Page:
On Monday, the US Department of Agriculture dealt a major blow to animal welfare advocates and a major boon to the country’s meat producers.
In a press release, the USDA announced it would withdraw from the Obama-era ruling that would increase regulations for the living conditions for animals being sold as certified organic, known as the Organic Livestock and Poultry Practices (OLPP) rule.
The final rule, passed on January 18, 2017, was a last-ditch effort for President Barack Obama’s outgoing USDA secretary Tom Vilsack to institute regulations that organic advocates and consumer groups had long championed. In order for a poultry or livestock operation to be USDA-certified organic, it would have been required to provide improved minimum amounts of indoor living space, access to the outdoors, and better handling of sick animals, among other provisions to end practices generally viewed as cruel among animal welfare advocates.
The rule was set to go into effect in May of 2018, after it had been delayed three times on the grounds that producers did not reasonably have enough time to comply with the demands. Some speculated that the USDA would continue to delay enforcement indefinitely. But on Monday, the USDA confirmed it would revoke the rules entirely.
“The existing robust organic livestock and poultry regulations are effective,” said Greg Ibach, the USDA undersecretary responsible for the National Organics Program, which oversees the setting of federal organic standards and certifies qualified producers. “The organic industry’s continued growth domestically and globally shows that consumers trust the current approach that balances consumer expectations and the needs of organic producers and handlers.”
But to those outside the USDA, the level of trust for the current approach to organic certification is still in question. Organic livestock and poultry operations often look no different than conventional factory farms to the naked eye. Consumers found that the lack of regulation within these facilities made the “organic” label misleading—they wanted to know the chickens producing their pricier organic eggs were living in healthier, more humane conditions than their conventionally farmed counterparts. While the organic market has grown exponentially in the last decade, advocates have been toiling for 14 years to ensure that regulations were tightened to ensure that “organic” meat and eggs referred to more than just feeding practices.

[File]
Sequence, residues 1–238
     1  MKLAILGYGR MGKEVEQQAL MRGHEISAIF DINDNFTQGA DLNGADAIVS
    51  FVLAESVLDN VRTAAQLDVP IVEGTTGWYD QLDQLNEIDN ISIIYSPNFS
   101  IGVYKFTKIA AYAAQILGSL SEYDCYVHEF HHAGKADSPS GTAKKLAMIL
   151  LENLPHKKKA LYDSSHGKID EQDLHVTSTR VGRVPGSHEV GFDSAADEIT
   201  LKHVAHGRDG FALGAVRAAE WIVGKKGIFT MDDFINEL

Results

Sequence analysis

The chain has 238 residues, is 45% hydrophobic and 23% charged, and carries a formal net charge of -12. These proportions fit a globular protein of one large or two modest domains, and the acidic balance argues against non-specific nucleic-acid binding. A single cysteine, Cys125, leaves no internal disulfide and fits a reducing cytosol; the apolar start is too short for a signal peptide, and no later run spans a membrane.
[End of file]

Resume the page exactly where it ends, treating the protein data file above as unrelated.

Although the department said it “carefully considered” public comments, it ultimately decided that the National Organics Program did not have the authority to enforce regulations relating to animal welfare as a qualification for organic certification. It also cited concerns for the undue financial burden on producers to comply, which would discourage farmers from adopting organic practices and applying for certification. After this withdrawal, the only thing required of livestock and poultry producers to achieve certified organic status is to ensure that anything ingested by the animals is organic—not a very high bar to hurdle.
Of the 72,000 responses the proposed withdrawal received during open comment period, over 56,000 comments were submitted by organic farmers, animal welfare advocates, certifying agents, and retailers opposed to pulling out of the ruling. (Only 50 comments wholeheartedly supported withdrawal.)
"By withdrawing the rule, which was supported by most prominent organic trade groups and producers, including family farmers, and by some large-scale non-organic producers, such as Perdue Farms, the agency has chosen to ignore the wishes of thousands of stakeholders committed to higher welfare standards," said Kitty Block, CEO of the Humane Society of the United States, in a blog post on the organization's website on Tuesday. "The USDA is also ignoring the wishes of a majority of Americans who want to see the National Organic Program establish criteria in line with their expectations for how animals should be treated before slaughter."
When the Trump administration announced its intentions to withdraw from the OLPP in December, prior to one final round of public commentary, a group of Democratic representatives from districts with agricultural concerns issued a joint statement in opposition to the move.
“This is a clear case of the Trump Administration ignoring public feedback to follow through on its own politicized wishes,” said Representatives Chellie Pingree (D-ME), Rob Kind (D-WI), Peter DeFazio (D-OR), and Rosa DeLauro (D-CT). “This undermining of the public process is absolutely indefensible and should not be allowed to stand.”